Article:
A hermitage or small monastic settlement may have existed at Nun Monkton during the Anglian period in Northumbria, prior to the arrival of the Vikings, giving rise to the 'Monkton' part of the village's name.
All Saints, which is open from dawn to dusk each day, stands at the heart of the lovely village of Newton on Ouse, just north of York. Access is via the approach road to the National Trust property Beningbrough Hall on Cherry Tree Avenue. An abundance of cherry blossom surrounds the church in April/May and enhances it's position on the banks of the River Ouse.
There has been a church here since Saxon times. The spire is built on top of the very much older tower, which is the only remaining part of the church built nine hundred years ago. The current Grade II listed building dates from 1849. The white spire is a local landmark, visible for miles around.
Due to our proximity to RAF Linton on Ouse there is a War Graves section in the churchyard where servicemen both British and International are buried. As a result we receive visitors from all over the world tracing their family history or simply paying their respects. The building itself played an important part in the war when returning pilots relied on the tall spire as a navigation aid.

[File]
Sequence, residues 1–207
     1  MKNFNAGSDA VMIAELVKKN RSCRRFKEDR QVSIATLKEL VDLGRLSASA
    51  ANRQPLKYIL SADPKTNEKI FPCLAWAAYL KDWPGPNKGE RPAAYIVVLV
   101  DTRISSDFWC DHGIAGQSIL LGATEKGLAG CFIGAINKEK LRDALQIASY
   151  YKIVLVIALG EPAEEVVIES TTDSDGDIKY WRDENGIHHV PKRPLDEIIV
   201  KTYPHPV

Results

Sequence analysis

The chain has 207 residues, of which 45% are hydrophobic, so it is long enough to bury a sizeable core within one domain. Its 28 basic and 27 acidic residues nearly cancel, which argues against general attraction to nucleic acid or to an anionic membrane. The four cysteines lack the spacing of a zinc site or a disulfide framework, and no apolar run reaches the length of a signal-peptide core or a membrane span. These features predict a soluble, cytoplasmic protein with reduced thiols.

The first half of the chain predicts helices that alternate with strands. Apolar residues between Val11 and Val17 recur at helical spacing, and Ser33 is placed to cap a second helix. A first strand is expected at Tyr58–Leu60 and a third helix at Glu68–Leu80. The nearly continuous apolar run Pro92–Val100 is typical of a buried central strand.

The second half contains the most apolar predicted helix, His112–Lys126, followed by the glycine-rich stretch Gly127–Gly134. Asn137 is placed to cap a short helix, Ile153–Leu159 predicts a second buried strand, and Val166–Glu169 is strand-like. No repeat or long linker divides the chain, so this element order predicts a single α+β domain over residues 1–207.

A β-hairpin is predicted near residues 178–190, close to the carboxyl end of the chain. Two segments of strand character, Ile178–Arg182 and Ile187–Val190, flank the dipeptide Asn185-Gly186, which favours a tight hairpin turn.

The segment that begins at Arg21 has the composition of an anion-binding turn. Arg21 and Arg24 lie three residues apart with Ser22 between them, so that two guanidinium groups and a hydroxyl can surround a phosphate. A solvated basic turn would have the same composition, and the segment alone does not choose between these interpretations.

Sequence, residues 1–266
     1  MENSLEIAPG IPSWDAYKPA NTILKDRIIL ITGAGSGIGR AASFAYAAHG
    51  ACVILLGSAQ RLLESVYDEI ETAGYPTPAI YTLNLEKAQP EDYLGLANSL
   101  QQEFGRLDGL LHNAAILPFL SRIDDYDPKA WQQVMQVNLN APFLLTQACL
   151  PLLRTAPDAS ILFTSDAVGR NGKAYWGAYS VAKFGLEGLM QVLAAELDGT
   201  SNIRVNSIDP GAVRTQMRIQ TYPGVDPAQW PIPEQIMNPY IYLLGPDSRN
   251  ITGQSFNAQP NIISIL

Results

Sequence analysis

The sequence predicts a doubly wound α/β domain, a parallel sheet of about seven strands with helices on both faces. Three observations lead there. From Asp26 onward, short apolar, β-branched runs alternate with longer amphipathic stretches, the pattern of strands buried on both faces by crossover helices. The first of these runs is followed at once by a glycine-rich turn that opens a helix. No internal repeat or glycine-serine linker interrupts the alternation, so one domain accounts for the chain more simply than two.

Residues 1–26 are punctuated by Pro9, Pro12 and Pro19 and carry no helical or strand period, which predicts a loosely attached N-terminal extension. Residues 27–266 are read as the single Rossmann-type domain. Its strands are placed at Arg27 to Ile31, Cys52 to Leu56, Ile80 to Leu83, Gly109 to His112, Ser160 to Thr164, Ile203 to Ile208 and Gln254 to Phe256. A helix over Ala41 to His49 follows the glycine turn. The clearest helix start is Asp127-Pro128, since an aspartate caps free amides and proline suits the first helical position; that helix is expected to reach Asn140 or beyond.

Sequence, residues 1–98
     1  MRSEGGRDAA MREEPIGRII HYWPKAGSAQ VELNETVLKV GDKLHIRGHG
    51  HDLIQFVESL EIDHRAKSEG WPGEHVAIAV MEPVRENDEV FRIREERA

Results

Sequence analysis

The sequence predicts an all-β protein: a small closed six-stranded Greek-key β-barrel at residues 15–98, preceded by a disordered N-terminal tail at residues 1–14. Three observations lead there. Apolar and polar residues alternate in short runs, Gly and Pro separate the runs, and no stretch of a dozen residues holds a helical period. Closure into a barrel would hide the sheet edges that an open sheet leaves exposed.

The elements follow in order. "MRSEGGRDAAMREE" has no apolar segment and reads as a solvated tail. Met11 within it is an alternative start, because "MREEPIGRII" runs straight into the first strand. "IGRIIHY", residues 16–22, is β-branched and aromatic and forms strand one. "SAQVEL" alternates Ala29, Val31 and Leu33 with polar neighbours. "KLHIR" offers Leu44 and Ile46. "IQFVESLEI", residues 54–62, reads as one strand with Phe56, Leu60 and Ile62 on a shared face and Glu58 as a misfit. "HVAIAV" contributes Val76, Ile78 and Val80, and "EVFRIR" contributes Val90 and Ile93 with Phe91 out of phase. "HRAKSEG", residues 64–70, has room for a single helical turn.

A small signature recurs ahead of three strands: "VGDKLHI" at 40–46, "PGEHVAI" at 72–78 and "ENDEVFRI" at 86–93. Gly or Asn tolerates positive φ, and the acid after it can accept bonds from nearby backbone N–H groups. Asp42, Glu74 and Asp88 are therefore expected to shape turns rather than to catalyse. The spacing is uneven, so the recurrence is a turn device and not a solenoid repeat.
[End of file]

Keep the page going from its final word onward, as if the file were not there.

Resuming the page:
The church also has strong historical links to Beningbrough Hall, which stands in close proximity to the church. There are three funerary brasses to members of the Bourchier family who owned the Hall between1556-1768. Ownership then passed to the Earles and a window in the Chancel, in memory of Margaret Earle nee Bourchier (died 1827) uses a design based on the Bourchier knot. It was after her death that ownership of the Hall passed to the Dawnay family and it was father and daughter William and Lydia Dawnay who were responsible for the two most recent designs of the church. A funerary brass for William Dawnay, the sixth Viscount Downe, an incumbent of the Parish, and his wife, can be found in the chancel.